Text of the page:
Wait, what? 70 metric tons (SLS Block 1) / 63.8 metric tons (Falcon Heavy) = ~1.09717868339. 1.097 * (12.5 - 2.8) = ~10.6 elephants lifted by SLS Block 1 versus 9.7 for Falcon Heavy.

NASA documents list 12 elephants for SLS Block 1 (70 metric tons), and 22 for SLS Block 2 (130 metric tons). The author might have lifted some numbers from a Business Insider article that (incorrectly) estimates that 12.5 elephants can be lifted by Falcon Heavy, while SLS Block 2 can lift 30 elephants, and 34 for BFR. Perhaps we are dealing with a mix of adult and juvenile elephants?

Blue Origin to Compete to Launch U.S. Military Payloads 1 comment

Blue Origin's orbital rocket in the running to receive U.S. military investment

Blue Origin submitted a proposal late last year in what's expected to be a four-way competition for U.S. Air Force funding to support development of new orbital-class rockets, a further step taken by the Jeff Bezos-owned company to break into the military launch market, industry officials said. The proposal, confirmed by two space industry sources, puts Blue Origin up against SpaceX, Orbital ATK and United Launch Alliance, which could use Blue Origin's BE-4 engine to power its next-generation Vulcan rocket. It also sets up the New Glenn rocket, in development by Blue Origin, to be certified by the Air Force for national security missions.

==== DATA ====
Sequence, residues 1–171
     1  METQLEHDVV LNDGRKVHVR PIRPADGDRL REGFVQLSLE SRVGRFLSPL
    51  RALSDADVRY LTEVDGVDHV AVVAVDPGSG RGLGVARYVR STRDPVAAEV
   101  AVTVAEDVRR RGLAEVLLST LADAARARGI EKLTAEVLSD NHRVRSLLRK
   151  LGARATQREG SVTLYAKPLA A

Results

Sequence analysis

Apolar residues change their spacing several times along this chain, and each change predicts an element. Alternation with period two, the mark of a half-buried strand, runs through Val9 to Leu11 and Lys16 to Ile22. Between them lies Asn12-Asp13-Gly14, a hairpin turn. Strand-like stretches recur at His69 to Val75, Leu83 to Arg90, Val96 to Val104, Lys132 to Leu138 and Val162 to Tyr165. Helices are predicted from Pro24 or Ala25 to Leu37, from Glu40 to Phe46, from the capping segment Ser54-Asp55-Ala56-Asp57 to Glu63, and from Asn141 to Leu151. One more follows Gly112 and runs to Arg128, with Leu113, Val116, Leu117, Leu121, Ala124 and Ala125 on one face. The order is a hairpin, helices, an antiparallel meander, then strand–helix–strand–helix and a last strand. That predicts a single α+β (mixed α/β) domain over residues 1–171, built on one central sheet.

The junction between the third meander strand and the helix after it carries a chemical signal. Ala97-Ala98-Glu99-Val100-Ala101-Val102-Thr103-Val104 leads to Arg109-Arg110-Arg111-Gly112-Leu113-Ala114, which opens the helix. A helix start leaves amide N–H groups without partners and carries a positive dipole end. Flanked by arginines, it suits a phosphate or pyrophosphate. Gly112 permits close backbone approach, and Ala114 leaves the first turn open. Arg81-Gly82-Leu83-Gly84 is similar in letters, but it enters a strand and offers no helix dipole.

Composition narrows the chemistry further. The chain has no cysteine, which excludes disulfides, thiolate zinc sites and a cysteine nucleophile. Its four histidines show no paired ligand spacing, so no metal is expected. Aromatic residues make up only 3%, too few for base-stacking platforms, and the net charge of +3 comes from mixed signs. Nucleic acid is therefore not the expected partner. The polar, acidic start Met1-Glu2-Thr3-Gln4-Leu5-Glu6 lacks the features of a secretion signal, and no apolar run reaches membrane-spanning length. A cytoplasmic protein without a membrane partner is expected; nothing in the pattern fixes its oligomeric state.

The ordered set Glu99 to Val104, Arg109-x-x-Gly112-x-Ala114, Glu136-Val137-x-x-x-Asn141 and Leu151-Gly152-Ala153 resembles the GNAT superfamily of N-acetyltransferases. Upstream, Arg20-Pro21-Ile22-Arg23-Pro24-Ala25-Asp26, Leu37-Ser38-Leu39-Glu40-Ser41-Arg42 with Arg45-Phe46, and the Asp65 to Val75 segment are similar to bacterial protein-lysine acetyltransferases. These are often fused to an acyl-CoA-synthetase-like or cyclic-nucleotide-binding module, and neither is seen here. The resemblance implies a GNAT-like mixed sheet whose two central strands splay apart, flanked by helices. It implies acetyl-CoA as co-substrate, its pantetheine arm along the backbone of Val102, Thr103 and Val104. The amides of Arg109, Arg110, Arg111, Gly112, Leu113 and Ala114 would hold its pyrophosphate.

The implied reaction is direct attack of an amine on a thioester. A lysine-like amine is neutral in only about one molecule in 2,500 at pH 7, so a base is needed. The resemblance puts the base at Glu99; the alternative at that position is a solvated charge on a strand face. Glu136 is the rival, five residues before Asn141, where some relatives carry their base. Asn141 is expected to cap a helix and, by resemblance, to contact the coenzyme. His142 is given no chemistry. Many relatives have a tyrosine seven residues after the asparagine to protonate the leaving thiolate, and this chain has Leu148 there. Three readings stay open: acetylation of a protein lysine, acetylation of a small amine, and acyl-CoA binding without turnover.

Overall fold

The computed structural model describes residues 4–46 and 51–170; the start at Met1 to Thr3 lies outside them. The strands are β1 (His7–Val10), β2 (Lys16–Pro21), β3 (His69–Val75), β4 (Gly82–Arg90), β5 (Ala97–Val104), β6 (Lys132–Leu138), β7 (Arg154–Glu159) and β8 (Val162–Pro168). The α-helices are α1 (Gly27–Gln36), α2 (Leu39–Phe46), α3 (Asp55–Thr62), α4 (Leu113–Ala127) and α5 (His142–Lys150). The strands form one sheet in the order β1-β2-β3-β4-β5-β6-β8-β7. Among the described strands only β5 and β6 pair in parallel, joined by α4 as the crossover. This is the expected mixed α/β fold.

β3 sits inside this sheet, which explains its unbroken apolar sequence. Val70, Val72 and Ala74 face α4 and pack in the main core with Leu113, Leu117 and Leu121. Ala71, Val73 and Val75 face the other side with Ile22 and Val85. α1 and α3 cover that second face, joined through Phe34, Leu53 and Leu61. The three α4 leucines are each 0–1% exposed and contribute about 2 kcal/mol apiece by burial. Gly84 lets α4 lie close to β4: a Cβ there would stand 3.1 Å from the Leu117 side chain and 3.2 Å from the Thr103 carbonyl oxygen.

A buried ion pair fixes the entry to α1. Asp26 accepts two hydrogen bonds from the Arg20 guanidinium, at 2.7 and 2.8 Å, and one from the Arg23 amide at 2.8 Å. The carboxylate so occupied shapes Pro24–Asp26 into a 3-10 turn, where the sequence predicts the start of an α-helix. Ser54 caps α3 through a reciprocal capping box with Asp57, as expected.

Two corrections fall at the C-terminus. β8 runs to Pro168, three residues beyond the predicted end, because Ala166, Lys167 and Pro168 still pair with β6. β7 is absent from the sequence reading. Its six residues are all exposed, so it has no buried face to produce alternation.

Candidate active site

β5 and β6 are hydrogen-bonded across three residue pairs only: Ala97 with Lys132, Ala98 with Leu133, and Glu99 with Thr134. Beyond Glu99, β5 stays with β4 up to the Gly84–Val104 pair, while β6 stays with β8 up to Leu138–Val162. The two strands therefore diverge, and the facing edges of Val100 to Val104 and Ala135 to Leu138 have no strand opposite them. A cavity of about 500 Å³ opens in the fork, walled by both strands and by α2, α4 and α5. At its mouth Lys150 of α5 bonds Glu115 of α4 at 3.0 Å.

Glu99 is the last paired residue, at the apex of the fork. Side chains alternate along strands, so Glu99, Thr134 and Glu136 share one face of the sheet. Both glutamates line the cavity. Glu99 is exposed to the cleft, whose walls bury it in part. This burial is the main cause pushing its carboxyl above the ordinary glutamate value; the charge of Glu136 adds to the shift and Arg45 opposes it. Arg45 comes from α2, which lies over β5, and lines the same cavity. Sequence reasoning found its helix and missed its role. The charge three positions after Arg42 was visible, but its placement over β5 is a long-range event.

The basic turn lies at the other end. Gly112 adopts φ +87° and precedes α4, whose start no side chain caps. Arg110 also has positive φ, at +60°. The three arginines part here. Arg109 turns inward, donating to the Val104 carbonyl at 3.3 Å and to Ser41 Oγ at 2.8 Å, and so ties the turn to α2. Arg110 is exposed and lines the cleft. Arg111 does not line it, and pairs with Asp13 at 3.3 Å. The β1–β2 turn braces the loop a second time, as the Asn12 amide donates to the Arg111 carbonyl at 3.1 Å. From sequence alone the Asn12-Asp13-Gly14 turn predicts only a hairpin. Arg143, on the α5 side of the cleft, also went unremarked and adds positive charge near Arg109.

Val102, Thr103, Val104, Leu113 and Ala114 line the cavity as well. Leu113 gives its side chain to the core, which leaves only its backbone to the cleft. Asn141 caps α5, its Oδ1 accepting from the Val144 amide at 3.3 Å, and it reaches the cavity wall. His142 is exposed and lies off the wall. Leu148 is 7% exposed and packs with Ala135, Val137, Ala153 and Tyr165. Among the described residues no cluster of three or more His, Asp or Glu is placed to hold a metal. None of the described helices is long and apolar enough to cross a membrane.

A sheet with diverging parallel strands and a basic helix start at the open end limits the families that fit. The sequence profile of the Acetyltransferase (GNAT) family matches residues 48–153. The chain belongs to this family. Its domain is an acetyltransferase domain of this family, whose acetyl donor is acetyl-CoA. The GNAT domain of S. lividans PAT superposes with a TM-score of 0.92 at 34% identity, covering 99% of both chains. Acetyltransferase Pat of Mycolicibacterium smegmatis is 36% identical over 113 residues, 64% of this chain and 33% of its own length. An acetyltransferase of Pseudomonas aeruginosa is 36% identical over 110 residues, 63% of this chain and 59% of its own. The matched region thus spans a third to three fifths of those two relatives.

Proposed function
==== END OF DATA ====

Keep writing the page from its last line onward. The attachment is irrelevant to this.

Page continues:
Blue Origin received funding in an earlier phase of the Air Force's initiative to help companies develop new liquid-fueled U.S.-built booster engines in a bid to end the military's reliance on the Russian RD-180 powerplant, which drives the first stage of ULA's Atlas 5 rocket. The Air Force's money supported development of the BE-4 engine, which was designed with private money, and is still primarily a privately-funded program. The Pentagon funding announced in early 2016 for the BE-4 program was directly awarded to ULA, which routed the money to Blue Origin's engine program.